they are bowed down, that the eye is regaled almost to satiety. late in the fall, and the soil being wet, the fire is pre- The gaiety of the prairie, its embellishments, and the absence of vented from taking effect. Thus the shrubs and young the gloom and savage wildness of the forest, all contribute to trees would escape from year to year, and finally the dispel the feeling of lonesomeness, which usually creeps over margins of the streams would become fringed with the mind of the solitary traveller in the wilderness. Though he thickets of trees that would eventually destroy the may not see a house, nor a human being, and is conscious that

he is far from the habitations of men, he can scarcely divest grass, and thus grow up into forests.

himself of the idea that he is travelling through scenes embelThose of our readers who have never seen a prairie, lished by the hand of art. The flowers so fragile, so delicate, will be pleased with the following description, while and so ornamental, seem to have been tastefully disposed to such as have revelled amid their thick grass and bril-adorn the scene. The groves and clumps of trees appear lo

have been scattered over the lawn to beautify the landscape; liant flowers, will be struck with the faithfulness of the and it is not easy to avoid the illusion of the fancy, which per: picture here given.

suades the beholder that such scenery has been created to gratify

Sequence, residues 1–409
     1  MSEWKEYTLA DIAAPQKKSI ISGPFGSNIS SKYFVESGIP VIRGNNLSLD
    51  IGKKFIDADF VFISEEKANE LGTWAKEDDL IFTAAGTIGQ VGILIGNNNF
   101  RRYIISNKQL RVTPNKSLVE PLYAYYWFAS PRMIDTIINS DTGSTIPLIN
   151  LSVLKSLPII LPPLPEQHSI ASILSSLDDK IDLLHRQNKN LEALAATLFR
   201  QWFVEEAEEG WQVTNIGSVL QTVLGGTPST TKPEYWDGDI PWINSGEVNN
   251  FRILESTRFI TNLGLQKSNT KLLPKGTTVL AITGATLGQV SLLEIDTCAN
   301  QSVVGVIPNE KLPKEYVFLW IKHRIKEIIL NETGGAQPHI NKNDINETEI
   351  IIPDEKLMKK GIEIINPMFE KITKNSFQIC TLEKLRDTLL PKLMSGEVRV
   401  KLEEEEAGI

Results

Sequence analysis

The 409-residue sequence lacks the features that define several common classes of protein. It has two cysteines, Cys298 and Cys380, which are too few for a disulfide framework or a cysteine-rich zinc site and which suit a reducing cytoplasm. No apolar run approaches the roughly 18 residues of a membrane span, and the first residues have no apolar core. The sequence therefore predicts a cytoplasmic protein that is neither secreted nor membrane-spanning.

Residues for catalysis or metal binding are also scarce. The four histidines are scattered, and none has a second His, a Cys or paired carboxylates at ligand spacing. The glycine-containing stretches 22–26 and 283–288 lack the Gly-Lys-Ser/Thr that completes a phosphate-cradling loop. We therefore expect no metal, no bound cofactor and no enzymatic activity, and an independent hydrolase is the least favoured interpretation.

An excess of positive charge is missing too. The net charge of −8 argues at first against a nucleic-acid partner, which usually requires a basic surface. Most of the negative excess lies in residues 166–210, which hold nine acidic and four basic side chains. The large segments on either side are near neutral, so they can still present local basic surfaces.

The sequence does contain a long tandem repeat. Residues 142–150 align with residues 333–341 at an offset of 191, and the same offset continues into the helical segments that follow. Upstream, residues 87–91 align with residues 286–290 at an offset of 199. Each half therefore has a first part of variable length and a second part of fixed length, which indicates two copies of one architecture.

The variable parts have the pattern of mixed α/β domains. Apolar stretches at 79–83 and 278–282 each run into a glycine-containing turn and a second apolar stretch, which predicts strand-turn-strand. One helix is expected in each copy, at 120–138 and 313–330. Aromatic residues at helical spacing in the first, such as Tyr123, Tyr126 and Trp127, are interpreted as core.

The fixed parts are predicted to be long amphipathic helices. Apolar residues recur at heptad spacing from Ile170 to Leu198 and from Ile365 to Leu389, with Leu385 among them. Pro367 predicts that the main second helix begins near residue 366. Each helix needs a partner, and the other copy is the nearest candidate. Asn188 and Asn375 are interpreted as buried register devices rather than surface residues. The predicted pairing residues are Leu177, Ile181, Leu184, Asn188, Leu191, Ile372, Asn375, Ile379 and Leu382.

the refined taste of civilized man. Europeans are often re. “The scenery of the prairie country excites a different feel minded of the resemblance of this scenery to that of the exten. ing. The novelty is striking, and never fails to cause an ex. sive parks of noblemen, which they have been accuston.ed to clamation of surprise. The extent of the prospect is exhilarat. admire, in the old world; the lawn, the avenue, the grove, the ing. The outline of the landscape is sloping and graceful. copse, which are there produced by art, are here prepared by The verdure and the flowers are beautiful: and the absence of nature; a splendid specimen of massy architecture, and the shade, and consequent appearance of a profusion of light, pro distant view of villages, are alone wanting to render the simili. duces a gaiety which animales the beholder. It is necessary to cude complete. explain that these plains, although preserving a general level in “ In the summer, the prairie is covered with long, coarse respect to the whole country, are yet in themselves not flat, but grass, which soon assumes a golden lue, and waves in the exhibit a gracefully waving surface, swelling and sinking with wind like a ripe harvest. Those who have not a personal an easy slope, and a full, rounded outline, equally avoiding the knowledge of the subject, would be deceived by the accounts unmeaning horizontal surface, and the interruption of abrupt which are published of the height of the grass. It is seldom so or angular elevations. It is that surface, which in the expres. (all as travellers have represented, nor does it attain its highest sive language of the country, is called rolling, and which has growth in the richest soil. In the low wet prairies, where the been said to resemble the long heavy swell of the ocean, when substratum of clay lies near the surface, the centre or main its waves are subsiding to rest after the agitation of a storm. I stem of this grass, which bears the seed, acquires great thick. is to be remarked also, that the prairie is almost always ele. ness, and shoots up to the height of eight or nine feet, throw. vated in the centre, so that in advancing into it from either side, ing out a few long, coarse leaves or blades; and the traveller you see before you only the plain, with its curved outline marked often finds it higher than his head as he rides through it on upon the sky, and forming the horizon; but on reaching the horseback. The plants, although numerous and standing highest point, you look around upon the whole of the vast close together, appear to grow singly and unconnected, the scene. The attraction of the prairie consists in its extent, its whole force of the vegetative power expanding itself upwards. carpet of verdure and flowers, its undulating surface, its groves, But in the rich undulating prairies, the grass is finer, with less and the fringe of timber by which it is surrounded. Of all these, of stalk, and a greater profusion of leaves. The roots spread the latter is the most expressive feature-it is that which gives and interweave so as to form a compact, even sod, and the blades character to the landscape, which imparts the shape, and marks expand into a close thick sward, which is seldom more than the boundary of the plain. If the prairie be small, ils greatest eighteen inches high, and often less, until late in the season,